Very few PMEL17 mutations with phenotypic effects have been described so far in comparison with the large number of functionally important mutations described for other major coat-color loci like Albino/TYR, Agouti, and Extension/MC1R. In fact, only one mutation (silver) has been described so far in the mouse (http://www.informatics.jax.org/) and no human PMEL17 mutation causing pigmentation disorders has yet been reported but it has been proposed as a likely candidate gene for some cases of human oculocutaneous albinism (http://www.ncbi.nlm.nih.gov/entrez/dispomim.cgi?id=155550; December 2003). However, on the basis of the phenotypic effects in chicken and the established role for PMEL17 in the development of eumelanosomes but not of phaeomelanosomes, we postulate that this locus may be one of the loci causing red hair in humans. It is intriguing that Dominant white and Dun in chicken and silver in mouse are all insertion/deletions affecting the transmembrane or cytoplasmic region. No mutation with a phenotypic effect, except Smoky, has been found in the part of the protein forming the Mα subunit. Furthermore, no mutation causing a total loss of the PMEL17 protein has yet been found in any species despite the fact that such a mutation is expected to give an obvious pigmentation phenotype. This implies that such mutations may be lethal. PMEL17 may have a hitherto unknown crucial function outside the melanocytes. The absence of melanogenesis does not have a severe effect on survival as well documented by the viability of albino mutants in a variety of species. The suggestion that PMEL17 may have an important role in nonpigment cells gains some support by the fact that human EST sequences for PMEL17 have been obtained from a variety of tissues, although the majority of them are from melanoma cells (http://www.ncbi.nlm.nih.gov/UniGene). The rare occurrence of PMEL17 mutations suggests that the chicken mutations described here should be useful for structural/functional studies of this protein.

An exciting topic for future studies will be to unravel how the four-amino-acid deletion associated with Smoky can partly rescue the defect caused by the WAP insertion in Dominant white. PMEL17 forms fibers after it has been cleaved by furin into an Mα and Mβ fragment. This process appears to be essential for the normal development of eumelanosomes. A reasonable interpretation therefore is that the insertion of the WAP amino acid triplet disrupts the process but it is partially restored by the Smoky deletion. This would resemble the trans-suppression of transthyretin misfolding in composite heterozygotes that protects from the development of amyloid disease in humans (Hammarstrom et al. 2001).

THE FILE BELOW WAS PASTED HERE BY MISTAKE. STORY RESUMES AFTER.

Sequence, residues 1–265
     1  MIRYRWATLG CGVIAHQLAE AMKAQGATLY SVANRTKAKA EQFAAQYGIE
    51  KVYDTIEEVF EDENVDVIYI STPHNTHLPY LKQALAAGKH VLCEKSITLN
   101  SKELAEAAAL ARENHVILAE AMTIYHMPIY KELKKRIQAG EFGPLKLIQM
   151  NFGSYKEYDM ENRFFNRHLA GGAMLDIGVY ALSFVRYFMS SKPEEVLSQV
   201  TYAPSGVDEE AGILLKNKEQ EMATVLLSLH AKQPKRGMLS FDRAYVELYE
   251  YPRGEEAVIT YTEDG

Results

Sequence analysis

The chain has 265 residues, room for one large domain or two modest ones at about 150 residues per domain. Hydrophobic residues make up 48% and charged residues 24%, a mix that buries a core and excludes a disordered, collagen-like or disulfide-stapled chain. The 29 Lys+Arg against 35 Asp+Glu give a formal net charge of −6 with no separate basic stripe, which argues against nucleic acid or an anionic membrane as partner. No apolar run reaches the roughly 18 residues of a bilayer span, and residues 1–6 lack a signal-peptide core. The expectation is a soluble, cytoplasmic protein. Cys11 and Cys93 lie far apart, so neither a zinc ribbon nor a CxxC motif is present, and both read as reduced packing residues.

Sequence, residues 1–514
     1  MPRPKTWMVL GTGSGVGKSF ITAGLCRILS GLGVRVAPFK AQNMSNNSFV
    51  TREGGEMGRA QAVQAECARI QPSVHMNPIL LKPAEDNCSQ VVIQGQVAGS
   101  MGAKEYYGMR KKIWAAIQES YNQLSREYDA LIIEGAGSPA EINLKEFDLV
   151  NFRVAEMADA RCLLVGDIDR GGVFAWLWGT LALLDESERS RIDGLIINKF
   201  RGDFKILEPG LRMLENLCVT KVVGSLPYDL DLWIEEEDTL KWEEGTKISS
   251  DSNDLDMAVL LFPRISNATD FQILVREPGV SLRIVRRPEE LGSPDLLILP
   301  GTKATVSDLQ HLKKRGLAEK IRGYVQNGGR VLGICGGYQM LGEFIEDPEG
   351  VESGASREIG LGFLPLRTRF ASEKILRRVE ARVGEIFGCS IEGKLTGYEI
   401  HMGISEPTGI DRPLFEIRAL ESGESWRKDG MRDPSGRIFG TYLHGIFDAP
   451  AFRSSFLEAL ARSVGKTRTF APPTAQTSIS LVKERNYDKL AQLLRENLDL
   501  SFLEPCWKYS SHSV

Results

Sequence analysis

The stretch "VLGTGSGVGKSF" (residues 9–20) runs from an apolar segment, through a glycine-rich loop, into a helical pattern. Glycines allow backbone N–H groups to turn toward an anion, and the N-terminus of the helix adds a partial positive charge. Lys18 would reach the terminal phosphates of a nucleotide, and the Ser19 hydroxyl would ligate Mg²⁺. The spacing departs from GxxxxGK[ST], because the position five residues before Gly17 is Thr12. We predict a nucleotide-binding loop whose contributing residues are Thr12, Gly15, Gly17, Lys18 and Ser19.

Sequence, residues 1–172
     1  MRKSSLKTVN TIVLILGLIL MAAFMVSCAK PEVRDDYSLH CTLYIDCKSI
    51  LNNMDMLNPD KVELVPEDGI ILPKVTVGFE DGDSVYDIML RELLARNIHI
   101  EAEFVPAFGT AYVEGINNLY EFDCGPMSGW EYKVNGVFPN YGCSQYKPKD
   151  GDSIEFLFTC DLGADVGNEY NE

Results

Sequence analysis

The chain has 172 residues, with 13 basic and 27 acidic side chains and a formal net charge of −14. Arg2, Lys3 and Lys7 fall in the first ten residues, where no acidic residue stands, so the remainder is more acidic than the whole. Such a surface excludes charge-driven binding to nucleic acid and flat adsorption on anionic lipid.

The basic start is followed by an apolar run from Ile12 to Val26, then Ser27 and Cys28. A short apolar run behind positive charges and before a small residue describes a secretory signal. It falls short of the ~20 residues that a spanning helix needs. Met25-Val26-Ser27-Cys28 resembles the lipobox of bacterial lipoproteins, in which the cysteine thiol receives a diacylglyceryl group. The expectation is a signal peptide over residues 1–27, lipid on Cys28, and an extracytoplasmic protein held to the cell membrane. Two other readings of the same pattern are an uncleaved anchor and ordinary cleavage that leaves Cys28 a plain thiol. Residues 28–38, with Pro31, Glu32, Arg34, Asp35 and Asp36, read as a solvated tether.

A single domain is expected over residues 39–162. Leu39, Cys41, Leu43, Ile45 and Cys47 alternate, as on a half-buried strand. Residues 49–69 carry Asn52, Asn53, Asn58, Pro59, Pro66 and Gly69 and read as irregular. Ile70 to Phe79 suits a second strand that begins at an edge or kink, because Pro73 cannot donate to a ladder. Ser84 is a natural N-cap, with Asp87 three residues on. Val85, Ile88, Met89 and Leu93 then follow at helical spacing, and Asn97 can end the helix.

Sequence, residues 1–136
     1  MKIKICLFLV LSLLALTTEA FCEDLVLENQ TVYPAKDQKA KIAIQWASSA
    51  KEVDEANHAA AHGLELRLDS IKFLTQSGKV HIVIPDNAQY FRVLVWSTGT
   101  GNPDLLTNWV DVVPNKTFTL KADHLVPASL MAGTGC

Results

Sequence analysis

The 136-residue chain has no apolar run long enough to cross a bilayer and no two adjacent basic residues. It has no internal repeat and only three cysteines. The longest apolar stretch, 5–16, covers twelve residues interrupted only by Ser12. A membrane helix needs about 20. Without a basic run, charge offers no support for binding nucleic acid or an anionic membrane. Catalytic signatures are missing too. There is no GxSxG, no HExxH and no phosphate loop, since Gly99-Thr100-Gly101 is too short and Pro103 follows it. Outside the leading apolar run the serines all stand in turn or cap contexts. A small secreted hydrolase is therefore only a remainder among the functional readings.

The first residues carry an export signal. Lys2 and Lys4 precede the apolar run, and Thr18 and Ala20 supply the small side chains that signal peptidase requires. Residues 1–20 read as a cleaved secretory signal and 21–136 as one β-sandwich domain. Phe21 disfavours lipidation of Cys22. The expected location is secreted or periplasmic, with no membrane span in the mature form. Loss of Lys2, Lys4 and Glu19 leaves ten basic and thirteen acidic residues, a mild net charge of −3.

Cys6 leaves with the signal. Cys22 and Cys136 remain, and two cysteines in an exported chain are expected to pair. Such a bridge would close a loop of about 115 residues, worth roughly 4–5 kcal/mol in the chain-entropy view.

The segregation analysis of PMEL17 alleles and plumage color in our F2 generation showed that Dominant white is required but not sufficient for the expression of the completely white phenotype. Homozygosity for Dominant white increased the incidence of white color but other loci contributed as well. At least three other major loci segregate in this cross: Extended black/MC1R, Silver, and Barred (Kerje et al. 2003b). We have previously shown that homozygosity for the Extended black (MC1R*E92K) allele increases the chance to develop a purely white phenotype, which may appear counterintuitive. However, it makes sense in light of the action of the Dominant white/PMEL17 mutation since the Extended black allele shifts melanin production toward eumelanogenesis, which in turn is severely inhibited by the effect of Dominant white. This is consistent with the fact that MC1R acts upstream of PMEL17 in the melanogenesis. Another major locus affecting plumage color in this intercross is the sex-linked Silver locus (not homologous to silver in the mouse!) where the dominant S allele inherited from the White Leghorn inhibits the expression of red pheomelanin. The causative gene for Silver has not yet been identified.


We thank Ulla Gustavsson for excellent assistance with the sequencing. The study was funded by The Foundation for Strategic Environmental Research, the Swedish Research Council for Environment, Agricultural Sciences and Spatial Planning, Wallenberg Consortium North, and the Swedish Foundation for Strategic Research.


Sequence data from this article have been deposited with the EMBL/GenBank Data Libraries under accession nos. AY636124, AY636125, AY636126, AY636127, AY636128, AY636129.